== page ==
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Robert J. Cotter

by Susan J. Ainsworth
March 4, 2013 | A version of this story appeared in Volume 91, Issue 9

Robert J. Cotter, 69, a professor of pharmacology and molecular sciences at Johns Hopkins University and one of the leading mass spectrometrists of his generation, died on Nov. 12, 2012, of heart failure at his home in Baltimore.

After growing up in Abington, Mass., Cotter received a B.S. in chemistry from the College of the Holy Cross in Worcester, Mass., in 1965 and a Ph.D. in physical chemistry from Johns Hopkins in 1972 working with Walter Koski.

Cotter worked for brief stints at Towson University and Gettysburg College before returning to Johns Hopkins as a research associate in 1978. He rose through the ranks to become a professor of pharmacology and molecular sciences in 1992. Two years later, he received a second appointment as professor of biophysics and biophysical chemistry.

In his research, he and his team developed time-of-flight mass spectrometry and miniaturized mass spectrometers for use in environmental surveys and space travel. Through numerous collaborations, Cotter contributed to major discoveries in cancer, immune disorders, infectious diseases, and metabolic syndromes.

He authored or coauthored numerous publications and the book “Time-of-Flight Mass Spectrometry: Instrumentation and Applications in Biological Research.”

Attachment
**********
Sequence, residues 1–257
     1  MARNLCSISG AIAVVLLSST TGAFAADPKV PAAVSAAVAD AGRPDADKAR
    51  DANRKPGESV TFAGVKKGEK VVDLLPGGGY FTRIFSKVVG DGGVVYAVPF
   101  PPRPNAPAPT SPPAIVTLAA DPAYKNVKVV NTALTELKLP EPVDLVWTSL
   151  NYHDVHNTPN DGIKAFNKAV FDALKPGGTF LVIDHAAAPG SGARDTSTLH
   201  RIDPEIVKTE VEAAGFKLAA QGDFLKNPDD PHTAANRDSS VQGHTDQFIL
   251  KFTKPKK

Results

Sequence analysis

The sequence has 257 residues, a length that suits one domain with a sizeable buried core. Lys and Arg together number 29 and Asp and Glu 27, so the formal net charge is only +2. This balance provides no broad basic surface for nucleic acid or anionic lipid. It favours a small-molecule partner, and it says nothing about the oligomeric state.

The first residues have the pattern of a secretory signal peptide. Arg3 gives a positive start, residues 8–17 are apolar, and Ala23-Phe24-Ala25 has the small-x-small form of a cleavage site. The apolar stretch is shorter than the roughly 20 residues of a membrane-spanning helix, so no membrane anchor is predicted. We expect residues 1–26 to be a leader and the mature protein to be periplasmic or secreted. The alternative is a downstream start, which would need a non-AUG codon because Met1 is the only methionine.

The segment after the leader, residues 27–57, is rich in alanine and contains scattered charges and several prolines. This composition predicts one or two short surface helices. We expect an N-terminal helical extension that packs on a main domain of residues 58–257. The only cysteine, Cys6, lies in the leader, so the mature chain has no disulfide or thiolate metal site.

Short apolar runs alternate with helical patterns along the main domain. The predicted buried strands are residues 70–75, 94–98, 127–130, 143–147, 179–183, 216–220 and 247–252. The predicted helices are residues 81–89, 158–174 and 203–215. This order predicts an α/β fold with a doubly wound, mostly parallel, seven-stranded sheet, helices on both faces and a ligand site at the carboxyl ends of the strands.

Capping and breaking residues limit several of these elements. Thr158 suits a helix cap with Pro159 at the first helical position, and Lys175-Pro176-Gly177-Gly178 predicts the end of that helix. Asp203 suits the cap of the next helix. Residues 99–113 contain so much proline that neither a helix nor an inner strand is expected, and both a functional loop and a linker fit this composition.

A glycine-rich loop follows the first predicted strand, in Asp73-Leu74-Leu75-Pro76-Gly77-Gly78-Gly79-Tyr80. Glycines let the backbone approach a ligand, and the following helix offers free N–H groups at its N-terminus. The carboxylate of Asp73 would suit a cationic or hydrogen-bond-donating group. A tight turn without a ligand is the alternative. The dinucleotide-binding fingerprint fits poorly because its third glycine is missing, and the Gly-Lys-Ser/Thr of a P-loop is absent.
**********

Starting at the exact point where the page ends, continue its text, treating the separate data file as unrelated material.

He was a former president of the American Society of Mass Spectrometry and was a member of ACS, joining in 1967.

Cotter received the ACS Award in Chemical Instrumentation from the Division of Analytical Chemistry in 2009, the ACS Frank H. Field & Joe L. Franklin Award for Outstanding Achievement in Mass Spectrometry in 2011, and the American Society for Mass Spectrometry’s Award for Distinguished Contribution in Mass Spectrometry that same year.

He enjoyed bicycling, playing the piano, and buying art for his home.

Cotter is survived by his wife of 28 years, Catherine C. Fenselau; his son, Bruce; stepsons, Thomas Fenselau and Andrew Fenselau; and two grandchildren.

Obituary notices of no more than 300 words may be sent to Susan J. Ainsworth at ­ and should include an educational and professional history.



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